I wasn’t hurt by it. I didn’t take it like he was mad at me. I was just correcting the semantics. It didn’t trouble me. Whatever. However Draymond frames what Stephen A. Smith is or what any of us are, it doesn’t feel important. I think it’s important he has that place where he wants to do his thing. And I think people are interested in hearing from the guy that was just out there not long after saying what he has to say.”

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Big Cat Asks For Listeners’ Help Booking Kevin Durant on Pardon My Take

“On a recent edition of the podcast, Big Cat talked about how the Brooklyn Nets star has continued to snub requests to come on the show.”

Jordan Bondurant



Barstool’s Big Cat has been trying to book NBA star Kevin Durant on Pardon My Take for five years, but the former MVP just won’t say yes.

On a recent edition of the podcast, Big Cat talked about how the Brooklyn Nets star has continued to snub requests to come on the show.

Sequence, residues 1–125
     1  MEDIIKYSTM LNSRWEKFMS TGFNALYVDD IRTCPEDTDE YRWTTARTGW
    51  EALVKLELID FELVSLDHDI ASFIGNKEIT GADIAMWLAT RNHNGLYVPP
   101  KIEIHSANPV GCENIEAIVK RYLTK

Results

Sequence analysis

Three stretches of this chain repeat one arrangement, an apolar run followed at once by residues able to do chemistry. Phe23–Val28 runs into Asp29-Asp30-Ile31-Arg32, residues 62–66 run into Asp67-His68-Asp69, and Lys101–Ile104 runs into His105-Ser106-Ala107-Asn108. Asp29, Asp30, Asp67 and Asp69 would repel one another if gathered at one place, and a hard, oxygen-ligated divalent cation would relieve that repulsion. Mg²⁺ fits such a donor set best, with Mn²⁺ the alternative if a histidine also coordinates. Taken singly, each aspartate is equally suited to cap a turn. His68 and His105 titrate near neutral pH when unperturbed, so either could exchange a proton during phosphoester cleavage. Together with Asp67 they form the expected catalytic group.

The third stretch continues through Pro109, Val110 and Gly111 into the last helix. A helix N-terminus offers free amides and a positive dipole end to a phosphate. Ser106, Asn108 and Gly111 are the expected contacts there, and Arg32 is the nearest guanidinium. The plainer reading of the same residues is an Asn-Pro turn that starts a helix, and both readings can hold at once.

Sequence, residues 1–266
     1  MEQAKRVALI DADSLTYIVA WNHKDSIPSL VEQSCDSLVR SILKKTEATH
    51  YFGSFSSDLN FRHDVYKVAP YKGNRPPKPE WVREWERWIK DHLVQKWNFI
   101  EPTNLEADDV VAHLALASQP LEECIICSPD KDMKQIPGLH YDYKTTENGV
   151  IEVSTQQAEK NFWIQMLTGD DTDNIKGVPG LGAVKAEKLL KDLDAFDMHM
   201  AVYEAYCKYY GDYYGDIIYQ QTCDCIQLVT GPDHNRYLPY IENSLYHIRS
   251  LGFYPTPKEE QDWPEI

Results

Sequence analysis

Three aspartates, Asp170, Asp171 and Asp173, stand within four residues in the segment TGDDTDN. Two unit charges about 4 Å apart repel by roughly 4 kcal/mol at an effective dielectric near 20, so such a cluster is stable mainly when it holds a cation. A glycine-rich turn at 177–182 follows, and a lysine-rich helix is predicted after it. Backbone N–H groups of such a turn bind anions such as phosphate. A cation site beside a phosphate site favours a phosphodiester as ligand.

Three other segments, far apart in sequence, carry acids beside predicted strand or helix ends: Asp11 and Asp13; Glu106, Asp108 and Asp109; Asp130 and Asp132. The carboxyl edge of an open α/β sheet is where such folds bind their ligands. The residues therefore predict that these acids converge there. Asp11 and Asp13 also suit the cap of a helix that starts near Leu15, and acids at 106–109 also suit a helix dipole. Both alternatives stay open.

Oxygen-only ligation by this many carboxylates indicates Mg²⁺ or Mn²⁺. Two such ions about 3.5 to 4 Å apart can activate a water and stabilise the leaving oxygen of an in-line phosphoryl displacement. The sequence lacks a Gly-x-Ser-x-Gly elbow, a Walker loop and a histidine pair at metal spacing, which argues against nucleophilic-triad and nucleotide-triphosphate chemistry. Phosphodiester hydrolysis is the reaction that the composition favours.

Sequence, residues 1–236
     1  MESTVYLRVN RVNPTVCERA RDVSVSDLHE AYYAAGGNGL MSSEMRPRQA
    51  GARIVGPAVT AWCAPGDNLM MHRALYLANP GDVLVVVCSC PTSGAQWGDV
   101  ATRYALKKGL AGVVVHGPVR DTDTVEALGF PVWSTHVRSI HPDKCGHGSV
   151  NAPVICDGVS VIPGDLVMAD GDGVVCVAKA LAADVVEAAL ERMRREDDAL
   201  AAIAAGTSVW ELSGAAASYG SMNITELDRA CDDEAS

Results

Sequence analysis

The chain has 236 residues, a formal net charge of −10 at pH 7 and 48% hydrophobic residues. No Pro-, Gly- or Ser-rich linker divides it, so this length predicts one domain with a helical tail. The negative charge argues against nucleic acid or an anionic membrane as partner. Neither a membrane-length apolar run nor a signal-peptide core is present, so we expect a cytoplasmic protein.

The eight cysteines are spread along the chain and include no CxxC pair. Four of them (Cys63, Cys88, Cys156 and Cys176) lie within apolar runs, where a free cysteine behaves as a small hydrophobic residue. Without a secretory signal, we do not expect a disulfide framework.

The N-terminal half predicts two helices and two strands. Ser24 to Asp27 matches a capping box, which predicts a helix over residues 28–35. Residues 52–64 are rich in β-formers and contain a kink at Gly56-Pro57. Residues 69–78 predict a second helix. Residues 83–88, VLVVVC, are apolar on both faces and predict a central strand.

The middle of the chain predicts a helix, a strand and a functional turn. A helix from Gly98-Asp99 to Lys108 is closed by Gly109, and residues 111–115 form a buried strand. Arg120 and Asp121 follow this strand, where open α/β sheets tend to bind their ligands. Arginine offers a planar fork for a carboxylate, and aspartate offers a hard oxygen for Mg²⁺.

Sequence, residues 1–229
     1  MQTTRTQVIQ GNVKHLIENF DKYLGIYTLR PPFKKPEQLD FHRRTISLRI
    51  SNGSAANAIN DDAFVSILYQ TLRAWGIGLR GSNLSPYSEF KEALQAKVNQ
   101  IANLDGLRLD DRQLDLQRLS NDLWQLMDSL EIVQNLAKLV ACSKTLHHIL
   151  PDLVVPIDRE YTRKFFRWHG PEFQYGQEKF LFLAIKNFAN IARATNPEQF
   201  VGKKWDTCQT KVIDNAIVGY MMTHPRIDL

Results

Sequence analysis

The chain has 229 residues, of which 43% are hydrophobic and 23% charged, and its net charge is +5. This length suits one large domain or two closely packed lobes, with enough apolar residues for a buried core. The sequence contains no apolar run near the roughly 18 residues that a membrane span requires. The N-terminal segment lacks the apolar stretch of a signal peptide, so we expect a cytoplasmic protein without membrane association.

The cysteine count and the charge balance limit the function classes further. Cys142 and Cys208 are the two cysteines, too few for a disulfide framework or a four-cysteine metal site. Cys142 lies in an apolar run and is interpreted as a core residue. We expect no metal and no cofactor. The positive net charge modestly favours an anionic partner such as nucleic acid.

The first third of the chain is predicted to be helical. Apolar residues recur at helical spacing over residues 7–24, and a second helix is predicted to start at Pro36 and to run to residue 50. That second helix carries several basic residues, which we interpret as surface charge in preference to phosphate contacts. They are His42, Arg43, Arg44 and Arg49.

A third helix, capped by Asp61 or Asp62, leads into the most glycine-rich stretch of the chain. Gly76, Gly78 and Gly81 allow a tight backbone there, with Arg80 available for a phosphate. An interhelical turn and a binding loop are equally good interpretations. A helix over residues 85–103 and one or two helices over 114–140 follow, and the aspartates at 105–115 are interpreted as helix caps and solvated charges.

“We want Kevin Durant on this show, and he has just alpha-ed me so hard at this point,” Big Cat said. “I need people to start replying to his tweets saying just go on Pardon My Take.”

It’s not like KD has given Big Cat the cold shoulder. Big Cat said Durant has responded to his DMs on Twitter before, even wishing him Happy Thanksgiving one year. But so far all attempts to get Durant on PMT have been futile.

“Maybe if we start getting some rings, then he’ll be like, ‘Yeah they’re an elite team, and I want to join up with them. And maybe I can help them win something,'” PFT Commenter said, referencing the fact that PMT is yet to be recognized with any podcasting awards.

Durant did more or less tell the podcast on Twitter he wasn’t interested on Wednesday.

Durant’s response probably still won’t deter Big Cat from trying to get Durant on the show, but at least they know where KD stands.